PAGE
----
G.K. Chesterton was an author and had a long career as a journalist. He was “a truth-teller in an age of false prophets. He used his skills as a writer and a journalist to confront and combat the modernistic trend toward eugenics that swept Europe and North America in the late 19th and early 20th centuries. It is hard for us today to really appreciate this power of this movement. The atrocities of WWII changed so much. But many eminent people were on board with the ideas in the era before the wars. The US Supreme Court upheld 8-1 a law allowed for enforced sterilization of the less fit. Chesterton dedicated much of his effort toward the topic of eugenics.
[H]is campaign against eugenics was an important element of Chesterton’s stand against the spirit of his age and for orthodox Christianity as the antidote to modernist ideologies. Because the debate over eugenics vexed Chesterton intellectually and morally – as a bad idea that would lead to bad ethics – in Eugenics and Other Evils Chesterton proposed a revolutionary response to the danger at hand: “we are already under the Eugenist State; and nothing remains to us but rebellion.” For Chesterton, revolution was defined as turning back to recover the things lost. This “turning back” is what believers understand by repentance. (p. 134)
Chesterton made a difference, and we continue to read his work today, although not so much on eugenics, as this is no longer the same pressing issue.
Dorothy Sayers. “The only Christian work is good work well done.” Sayers is the final example in the book. None of the examples in the book lived entirely exemplary lives and Sayers is no exception. (The Chambers may have come the closest.) Sayers wrote extensively on the importance of work. It permeates her last Peter Wimsey books (Gaudy Night and Busman’s Honeymoon). She was a poet, scholar, social critic, theologian, essayist and devout Anglican.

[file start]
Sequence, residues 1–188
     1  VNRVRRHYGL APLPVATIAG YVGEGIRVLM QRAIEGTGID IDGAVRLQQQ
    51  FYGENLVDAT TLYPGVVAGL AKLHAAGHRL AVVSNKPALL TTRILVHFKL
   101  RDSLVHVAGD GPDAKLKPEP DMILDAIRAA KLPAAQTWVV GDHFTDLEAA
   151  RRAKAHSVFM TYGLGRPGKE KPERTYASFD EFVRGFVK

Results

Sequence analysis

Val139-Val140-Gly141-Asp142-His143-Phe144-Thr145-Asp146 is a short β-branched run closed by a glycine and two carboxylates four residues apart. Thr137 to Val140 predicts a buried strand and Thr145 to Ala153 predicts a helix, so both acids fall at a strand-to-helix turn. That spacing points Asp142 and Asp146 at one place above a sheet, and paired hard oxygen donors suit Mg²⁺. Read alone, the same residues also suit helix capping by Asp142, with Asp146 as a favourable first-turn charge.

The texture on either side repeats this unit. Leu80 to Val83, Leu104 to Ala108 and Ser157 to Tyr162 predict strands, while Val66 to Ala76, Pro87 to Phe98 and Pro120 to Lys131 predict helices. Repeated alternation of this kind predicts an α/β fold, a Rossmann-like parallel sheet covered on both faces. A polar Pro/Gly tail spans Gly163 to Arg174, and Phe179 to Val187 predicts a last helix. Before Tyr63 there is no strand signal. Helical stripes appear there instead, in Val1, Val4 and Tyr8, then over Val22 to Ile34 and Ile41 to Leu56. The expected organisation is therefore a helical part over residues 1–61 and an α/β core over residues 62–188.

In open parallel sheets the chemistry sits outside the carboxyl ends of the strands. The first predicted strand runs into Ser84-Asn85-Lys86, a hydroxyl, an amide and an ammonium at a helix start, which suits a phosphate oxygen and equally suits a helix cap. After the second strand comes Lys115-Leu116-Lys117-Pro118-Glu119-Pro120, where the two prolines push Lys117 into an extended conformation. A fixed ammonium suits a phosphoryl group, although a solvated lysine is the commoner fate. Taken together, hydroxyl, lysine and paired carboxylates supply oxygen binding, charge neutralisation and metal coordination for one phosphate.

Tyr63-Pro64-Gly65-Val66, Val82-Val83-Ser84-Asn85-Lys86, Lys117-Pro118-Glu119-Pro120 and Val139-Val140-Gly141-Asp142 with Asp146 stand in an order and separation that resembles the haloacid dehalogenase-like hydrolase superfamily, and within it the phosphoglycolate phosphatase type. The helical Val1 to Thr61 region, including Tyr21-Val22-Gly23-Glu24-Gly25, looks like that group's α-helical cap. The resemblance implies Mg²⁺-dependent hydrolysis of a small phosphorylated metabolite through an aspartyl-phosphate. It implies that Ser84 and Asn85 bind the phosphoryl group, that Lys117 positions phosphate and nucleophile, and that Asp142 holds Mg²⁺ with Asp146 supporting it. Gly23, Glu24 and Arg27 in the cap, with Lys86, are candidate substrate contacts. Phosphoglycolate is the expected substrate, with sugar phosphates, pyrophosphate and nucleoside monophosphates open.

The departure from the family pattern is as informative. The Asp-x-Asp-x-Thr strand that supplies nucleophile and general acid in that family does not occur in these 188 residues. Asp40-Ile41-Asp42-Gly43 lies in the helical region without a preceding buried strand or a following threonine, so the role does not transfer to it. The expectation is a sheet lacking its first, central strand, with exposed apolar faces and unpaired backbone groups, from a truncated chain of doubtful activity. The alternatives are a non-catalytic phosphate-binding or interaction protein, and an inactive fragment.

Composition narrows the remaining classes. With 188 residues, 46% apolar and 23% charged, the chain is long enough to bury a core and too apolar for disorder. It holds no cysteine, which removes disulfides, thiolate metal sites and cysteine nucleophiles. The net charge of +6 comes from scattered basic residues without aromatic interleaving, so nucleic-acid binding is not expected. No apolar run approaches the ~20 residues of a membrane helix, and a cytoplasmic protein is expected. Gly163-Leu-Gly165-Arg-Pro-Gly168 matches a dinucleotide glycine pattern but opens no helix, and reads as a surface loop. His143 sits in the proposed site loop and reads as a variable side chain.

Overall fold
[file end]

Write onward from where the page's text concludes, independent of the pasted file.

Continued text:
Sayers confronted the banality that Christianity was essentially about how one felt rather than what one thought, countering that it was “hopeless to offer Christianity as a vague, idealistic aspiration: it is a hard, tough, exacting, and complex doctrine steeped in drastic uncompromising realism.” In terms of creative artists like her, Sayers believed inadequate thinking produced mediocre art: “A loose and sentimental theology begets loose and sentimental art forms; an illogical theology lands on in illogical situations; an ill-balanced theology issues in false emphasis and absurdity.” By extension her tough-minded approach applied to all work by hand or mind, hence her challenge to us: think about how we might cultivate a sacred understanding of work, and it will change forever how we comprehend what we do. (p. 140)
Baer’s summary of the theology of work derived from Sayer’s writing should be required reading for young (and old) Christians . Just one example:
With a right understanding of work, the misconception disappears that the most spiritual vocation for a Christian is becoming a missionary or pastor, therefore validating all types of work humanity has at its fingertips. Engage in creative, lively, fulfilling work. Work, and work well. It is what the Creator created you for. (p. 154)
This is true of artisans, builders, professionals, janitors … everyone, everywhere.
Overall a thought provoking book that should promote invigorating and constructive conversation. It certainly set me to thinking about how what I can do with my talents, abilities, education, and passions might do to make a difference.
I’ll finish with one of Baer’s questions and add a few of my own.
How might better comprehending work help us understand who we are as humans?
How might a better understanding of Christian calling help us fulfill our God given role as his image bearers?
Is pastor, teacher, missionary the ultimate in Christian calling?
If you are not a “professional” Christian, how does your work integrate with your Christian calling?
If you are a pastor, teacher, missionary, what do you do to enable others to follow their calling?
If you wish to contact me directly, you may do so at rjs4mail[at]att.net